Comedian Norm Macdonald has died after a private battle with cancer, according to FOX News. He was 61.
Macdonald, the son of two schoolteachers, was raised in Quebec City, Canada. He was a stand-up comic and briefly a writer for the sitcom "Roseanne" when he was picked to join the cast of "Saturday Night Live" in 1993. He became known for his esoteric impressions, including Burt Reynolds, who gave Will Ferrell’s Alex Trebek character grief on "Celebrity Jeopardy." He also impersonated Bob Dole, Larry King and David Letterman.
His deadpan style and skills as a writer made him the choice to host "Weekend Update." O.J. Simpson was a favorite target. Macdonald opened the fake newscast the week of the former football star’s acquittal on murder charges by saying, "Well, it’s finally official. Murder is legal in the state of California.
Macdonald was fired in the middle of the season in 1998 by NBC Entertainment executive Don Ohlmeyer, a friend of Simpson’s who reportedly didn’t appreciate the ’"SNL" star making Simpson the near-constant butt of jokes.
"I was never bitter," Macdonald said in the oral history "Live From New York," released in 2002. "I always understood that Ohlmeyer could fire me, because he was the guy who owned the cameras, so that didn’t bother me. I was always happy that ‘SNL’ gave me a chance."
He never reached the same television heights after being fired from "SNL" in 1998, but was an indefatigable stand-up comic and popular talk show guest whose death provoked an outpouring from fellow comedians.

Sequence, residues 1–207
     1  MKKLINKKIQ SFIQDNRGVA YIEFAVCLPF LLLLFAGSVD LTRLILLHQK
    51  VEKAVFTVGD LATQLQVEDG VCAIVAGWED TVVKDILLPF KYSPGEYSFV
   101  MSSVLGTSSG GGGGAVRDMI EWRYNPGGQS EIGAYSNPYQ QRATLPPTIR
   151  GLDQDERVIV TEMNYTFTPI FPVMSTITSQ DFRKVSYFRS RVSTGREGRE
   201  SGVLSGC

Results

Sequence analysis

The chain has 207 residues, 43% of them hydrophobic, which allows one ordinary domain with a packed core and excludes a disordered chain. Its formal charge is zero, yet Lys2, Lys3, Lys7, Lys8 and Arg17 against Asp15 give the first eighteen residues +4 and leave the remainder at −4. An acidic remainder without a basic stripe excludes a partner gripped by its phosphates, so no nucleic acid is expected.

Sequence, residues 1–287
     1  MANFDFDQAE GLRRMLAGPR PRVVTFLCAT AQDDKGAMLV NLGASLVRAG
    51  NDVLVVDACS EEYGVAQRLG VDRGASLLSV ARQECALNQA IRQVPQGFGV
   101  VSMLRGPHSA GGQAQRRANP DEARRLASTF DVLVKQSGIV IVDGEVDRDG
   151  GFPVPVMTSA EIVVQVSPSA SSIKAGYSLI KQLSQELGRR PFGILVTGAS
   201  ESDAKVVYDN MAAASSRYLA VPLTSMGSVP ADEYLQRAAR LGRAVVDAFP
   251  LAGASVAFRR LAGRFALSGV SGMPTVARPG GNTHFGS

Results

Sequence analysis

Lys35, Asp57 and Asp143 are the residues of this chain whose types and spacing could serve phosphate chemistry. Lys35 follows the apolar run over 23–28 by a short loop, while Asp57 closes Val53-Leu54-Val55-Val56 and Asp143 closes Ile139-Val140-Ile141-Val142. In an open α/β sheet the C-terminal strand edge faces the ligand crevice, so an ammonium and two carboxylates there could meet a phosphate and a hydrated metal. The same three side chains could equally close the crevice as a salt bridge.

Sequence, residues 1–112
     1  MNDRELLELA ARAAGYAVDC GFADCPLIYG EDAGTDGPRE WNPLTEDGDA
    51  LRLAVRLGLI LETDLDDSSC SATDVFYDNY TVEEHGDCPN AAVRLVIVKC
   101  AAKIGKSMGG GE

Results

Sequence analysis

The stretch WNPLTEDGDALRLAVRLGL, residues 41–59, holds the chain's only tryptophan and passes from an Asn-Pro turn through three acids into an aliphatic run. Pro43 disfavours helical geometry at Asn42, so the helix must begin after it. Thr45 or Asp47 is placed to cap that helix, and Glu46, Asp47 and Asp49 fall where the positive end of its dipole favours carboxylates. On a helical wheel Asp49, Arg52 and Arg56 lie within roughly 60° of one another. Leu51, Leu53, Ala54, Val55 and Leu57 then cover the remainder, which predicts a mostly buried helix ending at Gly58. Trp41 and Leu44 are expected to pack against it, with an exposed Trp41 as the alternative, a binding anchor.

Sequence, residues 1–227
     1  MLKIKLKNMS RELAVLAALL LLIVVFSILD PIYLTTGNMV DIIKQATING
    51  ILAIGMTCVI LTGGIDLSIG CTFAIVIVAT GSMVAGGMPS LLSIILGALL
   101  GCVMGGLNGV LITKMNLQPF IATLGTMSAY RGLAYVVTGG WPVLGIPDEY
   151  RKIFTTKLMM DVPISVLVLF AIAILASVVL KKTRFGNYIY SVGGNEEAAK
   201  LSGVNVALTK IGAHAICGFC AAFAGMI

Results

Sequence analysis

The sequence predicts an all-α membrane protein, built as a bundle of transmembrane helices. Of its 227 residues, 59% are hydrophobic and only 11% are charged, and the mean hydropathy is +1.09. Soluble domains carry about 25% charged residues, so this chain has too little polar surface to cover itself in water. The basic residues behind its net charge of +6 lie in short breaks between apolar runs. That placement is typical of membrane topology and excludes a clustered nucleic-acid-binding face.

He had limited success in other TV ventures. He created and starred in the ABC sitcom "The Norm Show," later shortened to "Norm," playing a former NHL player kicked out of the league for gambling and tax evasion and forced into community service as a social worker.
A Comedy Central show, "Sports Show with Norm Macdonald," lasted only a handful of episodes, but he kept busy in comedy clubs.
"In my mind, I’m just a stand-up," he told The New York Times in 2018. "But other people don’t think that. They think, ‘oh, the guy from ‘SNL’ is doing stand-up now."
Netflix also aired 10 episodes of an interview series, "Norm Macdonald Has a Show." Guests included Letterman, Lorne Michaels, Jane Fonda and Judge Judy Sheindlin.
He also became an author after publishing his first book, "Based on a True Story: Not A Memoir."
MacDonald was not without controversies.
In 2018, his comments about the #MeToo movement and fellow comedians Louis C.K. and Roseanne Barr led to the "The Tonight Show" canceling his appearance and spurred apologies from the comedian that could bring their own problems. The former "Saturday Night Live" cast member told The Hollywood Reporter he was "happy the #MeToo movement had slowed down a little bit." Macdonald said people used to receive a second chance, but now "there is no forgiveness."
Macdonald mentioned Louis C.K, who was accused of sexual misconduct, and Barr, who was fired from her show in May.
"There are very few people that have gone through what they have, losing everything in a day. Of course, people will go, "What about the victims?" But you know what? The victims didn’t have to go through that," Macdonald said.
Then in an interview with radio host Howard Stern while explaining and apologizing for his remarks, Macdonald said "You’d have to have Down syndrome not to feel sorry" for the victims of sexual misconduct.
He later tweeted an apology, saying he would never defend the actions of Barr and C.K.
The Associated Press contributed to this report. This story was reported from Los Angeles.